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Up to the Challenge

October 31, 2012
 
 

 


DanSiemersDan Siemers
 

Newton, Wisc.

Dairying with 2,700 cows, Siemers Holsteins has been operating at the same site for more than 120 years. 

 

 



**Extended comments highlighted in blue.

Most of us in production agriculture never thought we would be spending the time, effort or money that it takes to keep up with the regulations we all have to comply with in today’s world.

That doesn’t make it all bad, however, as it is important for all of agriculture to do our part to ensure a bright future, and show the public that the vast majority of farmers take their responsibility seriously. We strive to be good environmental stewards because in most cases it is economically beneficial to do so as well.

Properly putting the right nutrients on the right ground saves big money on fertilizer, and the organic matter helps build soil profile and water-holding capacity. We hire local firms to dredge and inject more than 60 million gallons annually, since they have the proper equipment, manpower and know-how to accomplish the job that everyone, including regulatory people, our agronomist, neighbors and ourselves are happy with.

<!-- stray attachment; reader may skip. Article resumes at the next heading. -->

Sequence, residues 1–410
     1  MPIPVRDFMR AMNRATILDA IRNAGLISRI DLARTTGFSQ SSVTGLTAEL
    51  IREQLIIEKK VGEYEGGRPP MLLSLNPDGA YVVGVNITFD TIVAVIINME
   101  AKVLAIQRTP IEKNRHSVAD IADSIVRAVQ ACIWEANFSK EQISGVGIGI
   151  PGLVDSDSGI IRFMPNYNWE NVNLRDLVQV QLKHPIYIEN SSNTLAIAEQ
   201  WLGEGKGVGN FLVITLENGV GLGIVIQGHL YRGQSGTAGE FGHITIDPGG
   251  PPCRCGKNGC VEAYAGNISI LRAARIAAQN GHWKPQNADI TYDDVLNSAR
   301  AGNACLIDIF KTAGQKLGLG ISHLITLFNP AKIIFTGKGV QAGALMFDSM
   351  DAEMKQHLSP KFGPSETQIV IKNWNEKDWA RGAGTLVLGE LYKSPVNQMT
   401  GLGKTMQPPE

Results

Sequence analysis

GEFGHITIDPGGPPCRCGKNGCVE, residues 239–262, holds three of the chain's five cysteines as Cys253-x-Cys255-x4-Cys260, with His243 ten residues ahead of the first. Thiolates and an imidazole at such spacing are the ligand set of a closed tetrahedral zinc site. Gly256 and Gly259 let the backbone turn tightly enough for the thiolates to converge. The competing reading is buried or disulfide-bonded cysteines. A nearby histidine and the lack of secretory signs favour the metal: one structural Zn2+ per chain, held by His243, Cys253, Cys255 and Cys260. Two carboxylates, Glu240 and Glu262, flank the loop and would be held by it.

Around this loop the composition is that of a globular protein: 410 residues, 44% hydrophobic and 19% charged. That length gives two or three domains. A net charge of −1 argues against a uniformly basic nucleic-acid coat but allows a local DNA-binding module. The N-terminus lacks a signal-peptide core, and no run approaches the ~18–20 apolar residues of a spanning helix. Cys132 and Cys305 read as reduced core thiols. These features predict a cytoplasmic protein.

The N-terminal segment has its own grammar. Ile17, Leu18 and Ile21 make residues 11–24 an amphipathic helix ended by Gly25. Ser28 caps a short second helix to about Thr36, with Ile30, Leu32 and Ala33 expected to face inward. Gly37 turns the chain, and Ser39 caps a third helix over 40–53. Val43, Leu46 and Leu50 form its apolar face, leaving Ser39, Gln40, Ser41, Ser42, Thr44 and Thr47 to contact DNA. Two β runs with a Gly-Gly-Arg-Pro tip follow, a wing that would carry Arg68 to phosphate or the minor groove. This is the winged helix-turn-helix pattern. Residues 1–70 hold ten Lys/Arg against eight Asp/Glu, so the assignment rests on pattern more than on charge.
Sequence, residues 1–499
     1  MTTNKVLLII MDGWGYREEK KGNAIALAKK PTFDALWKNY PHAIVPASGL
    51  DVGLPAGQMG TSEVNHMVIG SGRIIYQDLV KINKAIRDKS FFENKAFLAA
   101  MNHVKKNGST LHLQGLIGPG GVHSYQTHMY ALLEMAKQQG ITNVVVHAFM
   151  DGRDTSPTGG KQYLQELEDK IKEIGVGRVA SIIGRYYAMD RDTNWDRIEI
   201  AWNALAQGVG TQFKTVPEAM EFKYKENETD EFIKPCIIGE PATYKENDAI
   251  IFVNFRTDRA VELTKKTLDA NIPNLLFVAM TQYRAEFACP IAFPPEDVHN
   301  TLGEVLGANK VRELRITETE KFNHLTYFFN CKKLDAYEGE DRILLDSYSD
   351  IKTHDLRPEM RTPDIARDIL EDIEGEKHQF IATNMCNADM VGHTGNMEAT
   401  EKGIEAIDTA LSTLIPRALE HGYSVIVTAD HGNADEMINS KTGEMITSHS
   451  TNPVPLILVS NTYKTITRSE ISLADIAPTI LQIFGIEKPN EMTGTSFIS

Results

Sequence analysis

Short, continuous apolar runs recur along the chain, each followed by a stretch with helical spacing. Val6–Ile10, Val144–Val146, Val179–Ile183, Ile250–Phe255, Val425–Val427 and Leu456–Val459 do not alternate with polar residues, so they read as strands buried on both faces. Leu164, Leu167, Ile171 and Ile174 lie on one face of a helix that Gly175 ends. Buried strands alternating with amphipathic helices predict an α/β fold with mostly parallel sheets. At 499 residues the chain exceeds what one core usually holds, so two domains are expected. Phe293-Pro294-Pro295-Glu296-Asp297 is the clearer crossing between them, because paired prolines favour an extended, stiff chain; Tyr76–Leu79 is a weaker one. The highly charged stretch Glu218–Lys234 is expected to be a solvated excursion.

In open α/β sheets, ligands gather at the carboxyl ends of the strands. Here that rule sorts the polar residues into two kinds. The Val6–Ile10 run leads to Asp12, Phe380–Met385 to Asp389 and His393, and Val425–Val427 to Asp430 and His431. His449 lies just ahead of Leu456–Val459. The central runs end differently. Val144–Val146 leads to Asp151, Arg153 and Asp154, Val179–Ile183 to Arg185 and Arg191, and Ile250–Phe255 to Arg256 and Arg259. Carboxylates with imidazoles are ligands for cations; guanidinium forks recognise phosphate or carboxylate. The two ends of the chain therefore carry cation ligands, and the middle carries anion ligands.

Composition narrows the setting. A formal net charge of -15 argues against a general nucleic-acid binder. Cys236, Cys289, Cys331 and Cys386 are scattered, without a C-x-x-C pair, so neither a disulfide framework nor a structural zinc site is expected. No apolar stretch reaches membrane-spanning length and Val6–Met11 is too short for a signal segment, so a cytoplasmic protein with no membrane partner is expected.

We are fortunate to have a large percentage of land close to inject, and on farther away fields, we set up a frac tank in the ditch. We fill it with tankers right from the road, and pump and inject this way. This is an upgrade over taking trucks into the field, since we are more accurate on gallons per acre and reducing compaction, while reducing truck repair and downtime. It also keeps mud off the road, and the injection passes the "nose" test.

This summer we added a lagoon to give us more capacity, but more importantly, to do a better job of keeping solids and liquids separate, which should help with cleaner water for our flush flume and sand lanes, and a more consistent solid product to apply on farther away fields. We did an odor study with the Environmental Protection Agency five years ago, before and after the switch to sand with the accompanying flush flume and sand lanes. It came back favorable compared to other dairies, but I see room for improvement. As anyone with flumes knows, when you move manure water, you have more odor than if it is in a storage pond with a crust on it.

While we continue to look for improvements on odor, it is nice that we are in a rural area that embraces animal agriculture. It is up to all of us to put our best environmental foot forward, and to reassure our neighbors, townships and environmental agencies that we are up to the challenge of protecting our water and air quality.

Siemers' Most Recent Prices  
Milk (3.64% bf, 3.19% prt) $21.23/cwt.
Cull cows $55 to $84/cwt.
Springing heifers $1,400 to $1,900/head
Alfalfa hay (milk cow) $250/ton
Cottonseed $340/ton
Ground corn $304/ton
Soybean meal 48% $600/ton
 

 

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RELATED TOPICS: Dairy, Dollars & Sense

 
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